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The Reincarnation of Smith
by [?]

The extravagant supper party by which Mr. James Farendell celebrated the last day of his bachelorhood was protracted so far into the night, that the last guest who parted from him at the door of the principal Sacramento restaurant was for a moment impressed with the belief that a certain ruddy glow in the sky was already the dawn. But Mr. Farendell had kept his head clear enough to recognize it as the light of some burning building in a remote business district, a not infrequent occurrence in the dry season. When he had dismissed his guest he turned away in that direction for further information. His own counting-house was not in that immediate neighborhood, but Sacramento had been once before visited by a rapid and far-sweeping conflagration, and it behooved him to be on the alert even on this night of festivity.

Perhaps also a certain anxiety arose out of the occasion. He was to be married to-morrow to the widow of his late partner, and the marriage, besides being an attractive one, would settle many business difficulties. He had been a fortunate man, but, like many more fortunate men, was not blind to the possibilities of a change of luck. The death of his partner in a successful business had at first seemed to betoken that change, but his successful, though hasty, courtship of the inexperienced widow had restored his chances without greatly shocking the decorum of a pioneer community. Nevertheless, he was not a contented man, and hardly a determined– although an energetic one.

A walk of a few moments brought him to the levee of the river,–a favored district, where his counting-house, with many others, was conveniently situated. In these early days only a few of these buildings could be said to be permanent,–fire and flood perpetually threatened them. They were merely temporary structures of wood, or in the case of Mr. Farendell’s office, a shell of corrugated iron, sheathing a one-storied wooden frame, more or less elaborate in its interior decorations. By the time he had reached it, the distant fire had increased. On his way he had met and recognized many of his business acquaintances hurrying thither,–some to save their own property, or to assist the imperfectly equipped volunteer fire department in their unselfish labors. It was probably Mr. Farendell’s peculiar preoccupation on that particular night which had prevented his joining in their brotherly zeal.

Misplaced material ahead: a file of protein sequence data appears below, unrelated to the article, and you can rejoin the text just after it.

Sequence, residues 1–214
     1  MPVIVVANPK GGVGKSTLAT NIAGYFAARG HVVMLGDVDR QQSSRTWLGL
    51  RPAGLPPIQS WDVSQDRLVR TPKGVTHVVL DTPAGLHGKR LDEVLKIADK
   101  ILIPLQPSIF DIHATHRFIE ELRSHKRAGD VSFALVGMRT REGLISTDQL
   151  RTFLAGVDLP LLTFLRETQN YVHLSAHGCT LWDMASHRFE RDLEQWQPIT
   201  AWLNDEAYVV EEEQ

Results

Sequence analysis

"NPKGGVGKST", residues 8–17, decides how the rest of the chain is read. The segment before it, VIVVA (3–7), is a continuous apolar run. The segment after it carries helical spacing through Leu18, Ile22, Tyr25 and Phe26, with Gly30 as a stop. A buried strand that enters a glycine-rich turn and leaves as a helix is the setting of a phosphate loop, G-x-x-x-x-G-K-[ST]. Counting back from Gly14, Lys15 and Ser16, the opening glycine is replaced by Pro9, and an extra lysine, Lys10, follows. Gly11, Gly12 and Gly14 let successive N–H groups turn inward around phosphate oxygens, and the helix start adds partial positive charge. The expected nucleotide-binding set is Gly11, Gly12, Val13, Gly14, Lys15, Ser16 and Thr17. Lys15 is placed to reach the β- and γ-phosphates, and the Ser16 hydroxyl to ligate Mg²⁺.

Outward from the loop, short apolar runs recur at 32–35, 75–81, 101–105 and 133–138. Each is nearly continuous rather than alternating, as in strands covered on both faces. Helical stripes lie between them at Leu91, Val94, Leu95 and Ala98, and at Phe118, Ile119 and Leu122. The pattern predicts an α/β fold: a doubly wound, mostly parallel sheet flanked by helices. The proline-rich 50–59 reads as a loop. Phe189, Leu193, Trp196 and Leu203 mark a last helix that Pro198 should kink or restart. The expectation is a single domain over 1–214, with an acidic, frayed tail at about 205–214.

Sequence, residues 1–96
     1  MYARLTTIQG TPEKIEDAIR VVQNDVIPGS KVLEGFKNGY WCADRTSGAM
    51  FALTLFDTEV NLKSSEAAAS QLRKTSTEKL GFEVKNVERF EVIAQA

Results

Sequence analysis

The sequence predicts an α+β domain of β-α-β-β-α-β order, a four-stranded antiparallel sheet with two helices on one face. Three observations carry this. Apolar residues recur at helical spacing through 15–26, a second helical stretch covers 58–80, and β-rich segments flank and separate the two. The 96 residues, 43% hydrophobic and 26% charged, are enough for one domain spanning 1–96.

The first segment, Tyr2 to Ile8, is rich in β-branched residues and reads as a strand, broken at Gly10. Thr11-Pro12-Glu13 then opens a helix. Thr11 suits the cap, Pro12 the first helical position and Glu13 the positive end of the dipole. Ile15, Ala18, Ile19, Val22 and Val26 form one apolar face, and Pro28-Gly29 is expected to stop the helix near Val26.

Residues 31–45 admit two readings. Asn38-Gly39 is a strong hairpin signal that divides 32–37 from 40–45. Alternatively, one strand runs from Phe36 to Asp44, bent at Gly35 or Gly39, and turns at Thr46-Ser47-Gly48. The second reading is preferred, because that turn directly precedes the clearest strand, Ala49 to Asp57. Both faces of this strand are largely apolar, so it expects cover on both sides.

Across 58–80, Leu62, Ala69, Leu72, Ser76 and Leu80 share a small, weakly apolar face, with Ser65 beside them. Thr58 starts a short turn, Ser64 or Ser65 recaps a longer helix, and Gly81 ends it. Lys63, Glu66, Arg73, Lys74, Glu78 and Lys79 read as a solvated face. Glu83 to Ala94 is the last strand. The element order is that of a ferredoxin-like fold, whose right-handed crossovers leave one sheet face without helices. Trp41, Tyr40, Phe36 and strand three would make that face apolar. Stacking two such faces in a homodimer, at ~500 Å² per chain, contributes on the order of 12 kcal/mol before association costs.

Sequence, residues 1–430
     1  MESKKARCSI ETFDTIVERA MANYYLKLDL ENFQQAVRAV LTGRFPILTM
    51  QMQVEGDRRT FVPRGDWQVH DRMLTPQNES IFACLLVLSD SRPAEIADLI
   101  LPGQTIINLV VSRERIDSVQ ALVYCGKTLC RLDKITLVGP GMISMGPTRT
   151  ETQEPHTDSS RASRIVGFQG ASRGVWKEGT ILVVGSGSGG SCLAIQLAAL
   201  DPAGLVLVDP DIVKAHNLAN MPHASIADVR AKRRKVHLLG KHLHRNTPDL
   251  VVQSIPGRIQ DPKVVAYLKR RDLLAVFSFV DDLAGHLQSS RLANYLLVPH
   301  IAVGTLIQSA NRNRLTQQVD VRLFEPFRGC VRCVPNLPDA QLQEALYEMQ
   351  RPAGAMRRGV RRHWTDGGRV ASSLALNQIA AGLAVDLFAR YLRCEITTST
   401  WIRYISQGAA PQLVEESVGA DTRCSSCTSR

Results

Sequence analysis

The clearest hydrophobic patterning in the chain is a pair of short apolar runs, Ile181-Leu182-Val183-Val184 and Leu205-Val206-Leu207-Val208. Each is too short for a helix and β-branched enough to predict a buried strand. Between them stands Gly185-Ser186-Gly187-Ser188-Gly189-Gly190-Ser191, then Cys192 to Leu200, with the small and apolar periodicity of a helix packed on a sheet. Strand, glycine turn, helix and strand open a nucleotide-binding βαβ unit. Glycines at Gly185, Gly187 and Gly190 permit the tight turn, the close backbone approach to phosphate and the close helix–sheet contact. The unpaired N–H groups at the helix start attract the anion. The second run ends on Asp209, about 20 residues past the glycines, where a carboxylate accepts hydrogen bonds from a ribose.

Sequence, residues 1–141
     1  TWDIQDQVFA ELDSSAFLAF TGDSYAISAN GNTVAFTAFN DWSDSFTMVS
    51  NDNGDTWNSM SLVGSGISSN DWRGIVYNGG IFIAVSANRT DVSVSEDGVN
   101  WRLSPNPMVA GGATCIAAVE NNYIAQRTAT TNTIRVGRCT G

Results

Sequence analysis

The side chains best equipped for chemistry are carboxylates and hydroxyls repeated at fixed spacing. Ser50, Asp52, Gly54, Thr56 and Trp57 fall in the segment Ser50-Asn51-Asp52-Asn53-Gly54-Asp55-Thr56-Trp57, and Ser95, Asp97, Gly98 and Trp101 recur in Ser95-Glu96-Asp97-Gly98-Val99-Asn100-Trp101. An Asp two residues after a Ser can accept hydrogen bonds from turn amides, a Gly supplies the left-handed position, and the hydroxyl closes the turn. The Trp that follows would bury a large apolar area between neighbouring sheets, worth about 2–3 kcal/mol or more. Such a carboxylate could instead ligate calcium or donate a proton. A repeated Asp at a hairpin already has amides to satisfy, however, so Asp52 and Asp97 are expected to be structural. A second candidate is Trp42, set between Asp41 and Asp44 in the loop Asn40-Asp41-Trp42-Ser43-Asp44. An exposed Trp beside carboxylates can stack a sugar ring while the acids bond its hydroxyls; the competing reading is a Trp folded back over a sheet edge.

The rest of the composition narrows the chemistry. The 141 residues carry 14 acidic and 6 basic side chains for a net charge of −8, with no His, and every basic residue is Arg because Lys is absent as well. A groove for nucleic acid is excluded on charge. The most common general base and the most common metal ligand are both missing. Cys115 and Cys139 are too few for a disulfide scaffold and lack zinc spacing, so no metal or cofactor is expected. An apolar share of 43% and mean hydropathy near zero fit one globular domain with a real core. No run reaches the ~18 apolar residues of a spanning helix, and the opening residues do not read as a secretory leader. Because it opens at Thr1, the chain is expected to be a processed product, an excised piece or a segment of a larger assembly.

He unlocked the iron door, and lit the hanging lamp that was used in all-night sittings on steamer days. It revealed a smartly furnished office, with a high desk for his clerks, and a smaller one for himself in one corner. In the centre of the wall stood a large safe. This he also unlocked and took out a few important books, as well as a small drawer containing gold coin and dust to the amount of about five hundred dollars, the large balance having been deposited in bank on the previous day. The act was only precautionary, as he did not exhibit any haste in removing them to a place of safety, and remained meditatively absorbed in looking over a packet of papers taken from the same drawer. The closely shuttered building, almost hermetically sealed against light, and perhaps sound, prevented his observing the steadily increasing light of the conflagration, or hearing the nearer tumult of the firemen, and the invasion of his quiet district by other equally solicitous tenants. The papers seemed also to possess some importance, for, the stillness being suddenly broken by the turning of the handle of the heavy door he had just closed, and its opening with difficulty, his first act was to hurriedly conceal them, without apparently paying a thought to the exposed gold before him. And his expression and attitude in facing round towards the door was quite as much of nervous secretiveness as of indignation at the interruption.